Neuroinflammation and structural injury of the fetal ovine brain following intra-amniotic Candida albicans exposureNeuroinflammation and structural injury of the fetal ovine brain following intra-amniotic Candida albicans exposure
Journal of neuroinflammation. - London
13(2016), 12 p.
University of Antwerp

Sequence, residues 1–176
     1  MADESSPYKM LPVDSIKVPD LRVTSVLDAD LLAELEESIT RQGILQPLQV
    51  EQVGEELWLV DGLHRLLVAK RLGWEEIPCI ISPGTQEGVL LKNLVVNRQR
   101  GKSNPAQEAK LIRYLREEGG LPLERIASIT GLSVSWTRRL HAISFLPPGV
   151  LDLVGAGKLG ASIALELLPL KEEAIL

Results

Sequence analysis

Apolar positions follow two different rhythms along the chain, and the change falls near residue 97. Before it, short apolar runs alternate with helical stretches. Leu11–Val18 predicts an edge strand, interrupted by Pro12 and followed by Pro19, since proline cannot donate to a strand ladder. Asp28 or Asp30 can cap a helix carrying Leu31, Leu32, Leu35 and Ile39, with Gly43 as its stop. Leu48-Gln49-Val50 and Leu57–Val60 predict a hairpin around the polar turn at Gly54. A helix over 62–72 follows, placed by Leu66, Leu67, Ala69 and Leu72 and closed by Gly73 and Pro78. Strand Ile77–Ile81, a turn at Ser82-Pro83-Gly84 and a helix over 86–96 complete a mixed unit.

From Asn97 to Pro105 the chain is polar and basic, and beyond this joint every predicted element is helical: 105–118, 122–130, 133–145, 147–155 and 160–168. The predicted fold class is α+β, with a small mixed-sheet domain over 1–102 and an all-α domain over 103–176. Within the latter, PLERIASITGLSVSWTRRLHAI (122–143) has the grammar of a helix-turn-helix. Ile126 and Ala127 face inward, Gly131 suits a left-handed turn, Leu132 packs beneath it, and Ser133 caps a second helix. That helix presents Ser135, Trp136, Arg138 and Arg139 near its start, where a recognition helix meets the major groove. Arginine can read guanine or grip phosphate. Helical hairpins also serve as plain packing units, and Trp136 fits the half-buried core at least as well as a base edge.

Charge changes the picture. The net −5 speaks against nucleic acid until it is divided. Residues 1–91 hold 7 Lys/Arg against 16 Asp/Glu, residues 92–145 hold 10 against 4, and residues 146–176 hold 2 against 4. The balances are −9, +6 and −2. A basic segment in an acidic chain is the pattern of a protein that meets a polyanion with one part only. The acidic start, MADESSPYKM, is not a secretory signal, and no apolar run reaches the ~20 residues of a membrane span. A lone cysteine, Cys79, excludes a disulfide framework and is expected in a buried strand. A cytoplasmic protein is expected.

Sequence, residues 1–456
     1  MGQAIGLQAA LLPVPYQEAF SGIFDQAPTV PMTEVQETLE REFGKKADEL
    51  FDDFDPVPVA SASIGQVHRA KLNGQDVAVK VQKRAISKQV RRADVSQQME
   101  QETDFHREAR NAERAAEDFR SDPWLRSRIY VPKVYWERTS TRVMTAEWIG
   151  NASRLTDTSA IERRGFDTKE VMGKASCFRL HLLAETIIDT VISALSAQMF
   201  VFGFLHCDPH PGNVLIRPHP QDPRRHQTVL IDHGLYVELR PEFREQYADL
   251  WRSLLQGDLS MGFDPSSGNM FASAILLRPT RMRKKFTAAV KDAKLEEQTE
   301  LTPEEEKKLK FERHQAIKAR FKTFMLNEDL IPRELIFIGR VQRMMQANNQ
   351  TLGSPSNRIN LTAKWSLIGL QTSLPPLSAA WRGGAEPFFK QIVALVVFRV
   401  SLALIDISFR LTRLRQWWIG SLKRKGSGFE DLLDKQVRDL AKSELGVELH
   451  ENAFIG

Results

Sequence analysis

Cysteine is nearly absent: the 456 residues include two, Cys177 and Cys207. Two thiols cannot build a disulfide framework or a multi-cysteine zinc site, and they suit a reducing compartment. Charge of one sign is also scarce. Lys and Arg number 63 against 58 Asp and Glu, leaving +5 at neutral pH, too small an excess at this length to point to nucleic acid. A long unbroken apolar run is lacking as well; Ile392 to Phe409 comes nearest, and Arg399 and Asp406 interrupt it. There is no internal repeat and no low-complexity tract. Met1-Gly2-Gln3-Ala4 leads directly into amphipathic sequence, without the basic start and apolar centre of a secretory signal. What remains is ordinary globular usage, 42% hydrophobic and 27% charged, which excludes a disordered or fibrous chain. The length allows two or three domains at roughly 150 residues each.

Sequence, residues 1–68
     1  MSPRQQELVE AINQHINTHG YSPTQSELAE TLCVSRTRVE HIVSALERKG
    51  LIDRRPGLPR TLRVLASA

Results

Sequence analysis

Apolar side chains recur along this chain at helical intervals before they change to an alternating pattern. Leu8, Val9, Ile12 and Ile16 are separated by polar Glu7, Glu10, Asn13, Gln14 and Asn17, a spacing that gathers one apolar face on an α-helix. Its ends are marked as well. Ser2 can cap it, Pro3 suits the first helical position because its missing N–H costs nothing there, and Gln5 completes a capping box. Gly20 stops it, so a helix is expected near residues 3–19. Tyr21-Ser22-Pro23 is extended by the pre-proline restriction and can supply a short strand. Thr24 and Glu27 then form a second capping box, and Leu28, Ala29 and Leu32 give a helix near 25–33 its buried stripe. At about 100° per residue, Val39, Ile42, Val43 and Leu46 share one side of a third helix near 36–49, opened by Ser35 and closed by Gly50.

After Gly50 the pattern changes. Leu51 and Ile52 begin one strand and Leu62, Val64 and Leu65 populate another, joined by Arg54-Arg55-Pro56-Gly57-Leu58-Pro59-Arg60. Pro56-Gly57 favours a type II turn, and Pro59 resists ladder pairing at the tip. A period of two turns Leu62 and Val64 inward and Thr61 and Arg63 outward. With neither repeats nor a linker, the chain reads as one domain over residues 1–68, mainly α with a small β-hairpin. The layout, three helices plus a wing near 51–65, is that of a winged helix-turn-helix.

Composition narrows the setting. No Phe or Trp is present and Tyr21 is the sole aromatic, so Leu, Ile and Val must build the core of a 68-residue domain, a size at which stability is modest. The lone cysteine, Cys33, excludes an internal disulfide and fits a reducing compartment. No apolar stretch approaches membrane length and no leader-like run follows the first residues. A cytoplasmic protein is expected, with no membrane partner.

Background: Intra-amniotic Candida albicans (C. Albicans) infection is associated with preterm birth and high morbidity and mortality rates. Survivors are prone to adverse neurodevelopmental outcomes. The mechanisms leading to these adverse neonatal brain outcomes remain largely unknown. To better understand the mechanisms underlying C. albicans-induced fetal brain injury, we studied immunological responses and structural changes of the fetal brain in a well-established translational ovine model of intra-amniotic C. albicans infection. In addition, we tested whether these potential adverse outcomes of the fetal brain were improved in utero by antifungal treatment with fluconazole. Methods: Pregnant ewes received an intra-amniotic injection of 10(7) colony-forming units C. albicans or saline (controls) at 3 or 5 days before preterm delivery at 0.8 of gestation (term similar to 150 days). Fetal intra-amniotic/intraperitoneal injections of fluconazole or saline (controls) were administered 2 days after C. albicans exposure. Post mortem analyses for fungal burden, peripheral immune activation, neuroinflammation, and white matter/neuronal injury were performed to determine the effects of intra-amniotic C. albicans and fluconazole treatment. Results: Intra-amniotic exposure to C. albicans caused a severe systemic inflammatory response, illustrated by a robust increase of plasma interleukin-6 concentrations. Cerebrospinal fluid cultures were positive for C. albicans in the majority of the 3-day C. albicans-exposed animals whereas no positive cultures were present in the 5-day C. albicans-exposed and fluconazole-treated animals. Although C. albicans was not detected in the brain parenchyma, a neuroinflammatory response in the hippocampus and white matter was seen which was characterized by increased microglial and astrocyte activation. These neuroinflammatory changes were accompanied by structural white matter injury. Intra-amniotic fluconazole reduced fetal mortality but did not attenuate neuroinflammation and white matter injury. Conclusions: Intra-amniotic C. albicans exposure provoked acute systemic and neuroinflammatory responses with concomitant white matter injury. Fluconazole treatment prevented systemic inflammation without attenuating cerebral inflammation and injury.